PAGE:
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Siblings May Protect Against MS

Exposure to little brothers, sisters might cut chances of developing the disease, study finds

TUESDAY, Jan. 25, 2005 (HealthDayNews) -- While you may not have been pleased about their arrival at the time, it turns out that if you had a baby brother or sister before you were 6 years old, your risk of developing multiple sclerosis may be greatly reduced.

That's what a new Australian study found when researchers compared people with multiple sclerosis (MS) to a control group of people who didn't have the disease.

People with more than five years of infant contact before they were 6 years old had almost a 90 percent reduced risk of MS, according to the study published in the Jan. 26 issue of the Journal of the American Medical Association.

"Higher infant sibling exposure in the first six years of life was associated with a reduced risk of MS, possibly by altering childhood infection patterns and related immune responses," the authors wrote.

About 400,000 people in the United States have multiple sclerosis, and most are diagnosed between the ages of 20 and 50, according to the National Multiple Sclerosis Society. Many more women than men have the disorder. Symptoms include fatigue, loss of balance and muscle coordination, cognitive problems, dizziness, pain and vision problems.

The cause of MS is unknown. While there appears to be a genetic component to the disease, it is not directly inherited. Instead, people probably inherit a genetic susceptibility or predisposition to the disease, explained Dr. Patricia O'Looney, director of Biomedical Research Programs for the National Multiple Sclerosis Society.

"Genetics plays a role, but it's not the complete story," O'Looney said. "Something triggers the immune system in genetically susceptible individuals."

The authors of the new study suggest that sibling exposure may protect against such an immune system trigger by exposing children early and often to infections in childhood. Such early exposure may reduce the number of allergic and autoimmune disorders because they boost the immune system and help develop cells that respond effectively to viral threats, explained the authors.

The researchers compared 136 people who were diagnosed with MS to members of two control groups who were age- and gender-matched for each person with MS. The average age of the study participants was 43 and almost all were born in Tasmania. There were about twice as many females as males in the study.

Each participant completed a standardized verbal questionnaire and provided information on the number of siblings and their dates of birth, smoking exposure, sun exposure, breastfeeding history and illness history.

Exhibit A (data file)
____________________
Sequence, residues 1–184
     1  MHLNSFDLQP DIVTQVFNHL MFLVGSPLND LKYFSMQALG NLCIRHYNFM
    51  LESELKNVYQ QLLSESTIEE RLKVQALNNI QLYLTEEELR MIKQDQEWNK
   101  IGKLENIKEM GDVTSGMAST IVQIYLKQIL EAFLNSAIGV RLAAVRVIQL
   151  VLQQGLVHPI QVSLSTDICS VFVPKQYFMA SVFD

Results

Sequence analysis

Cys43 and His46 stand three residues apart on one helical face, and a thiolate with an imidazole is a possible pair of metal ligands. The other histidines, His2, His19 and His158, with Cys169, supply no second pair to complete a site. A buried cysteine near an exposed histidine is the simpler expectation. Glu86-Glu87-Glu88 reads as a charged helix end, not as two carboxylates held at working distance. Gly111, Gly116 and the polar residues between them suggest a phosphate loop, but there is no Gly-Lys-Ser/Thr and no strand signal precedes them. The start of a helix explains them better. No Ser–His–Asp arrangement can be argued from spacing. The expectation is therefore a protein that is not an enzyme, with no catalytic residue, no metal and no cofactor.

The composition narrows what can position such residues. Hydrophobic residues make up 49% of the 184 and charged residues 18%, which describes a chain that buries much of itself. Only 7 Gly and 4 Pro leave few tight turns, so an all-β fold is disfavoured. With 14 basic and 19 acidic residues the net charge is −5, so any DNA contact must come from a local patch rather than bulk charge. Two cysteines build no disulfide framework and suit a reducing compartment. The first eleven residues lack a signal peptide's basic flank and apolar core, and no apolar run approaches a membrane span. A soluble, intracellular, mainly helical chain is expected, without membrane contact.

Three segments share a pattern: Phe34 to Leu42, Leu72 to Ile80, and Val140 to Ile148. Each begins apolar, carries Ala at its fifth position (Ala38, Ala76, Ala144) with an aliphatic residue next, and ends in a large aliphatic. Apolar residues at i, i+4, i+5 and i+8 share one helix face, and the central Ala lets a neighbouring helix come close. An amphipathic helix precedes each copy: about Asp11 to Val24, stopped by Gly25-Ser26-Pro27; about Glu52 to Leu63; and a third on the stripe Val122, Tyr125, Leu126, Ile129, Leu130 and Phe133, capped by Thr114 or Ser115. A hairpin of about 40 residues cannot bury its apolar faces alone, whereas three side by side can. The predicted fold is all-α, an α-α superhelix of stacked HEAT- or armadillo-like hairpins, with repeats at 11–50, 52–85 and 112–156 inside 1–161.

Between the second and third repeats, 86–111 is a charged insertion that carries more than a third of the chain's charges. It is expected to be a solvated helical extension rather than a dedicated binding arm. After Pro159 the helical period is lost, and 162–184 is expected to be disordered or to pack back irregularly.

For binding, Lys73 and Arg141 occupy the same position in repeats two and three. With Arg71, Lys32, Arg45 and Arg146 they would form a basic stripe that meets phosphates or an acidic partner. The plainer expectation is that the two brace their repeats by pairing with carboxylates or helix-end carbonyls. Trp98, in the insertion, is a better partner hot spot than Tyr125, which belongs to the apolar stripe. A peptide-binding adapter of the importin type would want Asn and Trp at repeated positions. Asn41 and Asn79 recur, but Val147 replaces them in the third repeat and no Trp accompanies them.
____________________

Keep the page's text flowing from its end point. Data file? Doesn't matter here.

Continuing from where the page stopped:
Birth order was not significantly associated with MS risk, but the number of younger siblings was.

Infant contact for more than five years during the first six years of life conferred almost a 90 percent reduced risk of MS. Three to five years of contact with an infant sibling reduced the risk by 60 percent, while one to three years of infant exposure before age 6 lowered the risk by 43 percent, the researchers said.

People with at least one year of infant exposure in their early years also had a reduced risk of getting infectious mononucleosis, according to the study.

"This is an interesting and intriguing study, but it needs to be replicated," said Dr. Robyn Wolintz, co-director of the MS Center at Maimonides Medical Center in New York City.

Looney agreed that further research needs to be done on this issue. She pointed out that the researchers mentioned that sunlight exposure seemed to exacerbate the sibling exposure effect, but they weren't able to separate out what effect the sun exposure might have had.

Sunlight exposure, probably because it triggers the production of vitamin D in humans and vitamin D helps to regulate the immune system, has also been implicated as a potential risk factor for MS, Looney said.

Looney emphasized that the new research doesn't mean that, if you're an only child, you will develop MS.

"You're not at a higher risk for MS just because you don't have one sibling," she said.

More information

To learn more about multiple sclerosis, visit the National Multiple Sclerosis Society.

SOURCES: Patricia O'Looney, M.D., director, Biomedical Research Programs, National Multiple Sclerosis Society, New York City; Robyn J. Wolintz, M.D., co-director, MS Center, Maimonides Medical Center, New York City; Jan. 26, 2005, Journal of the American Medical Association
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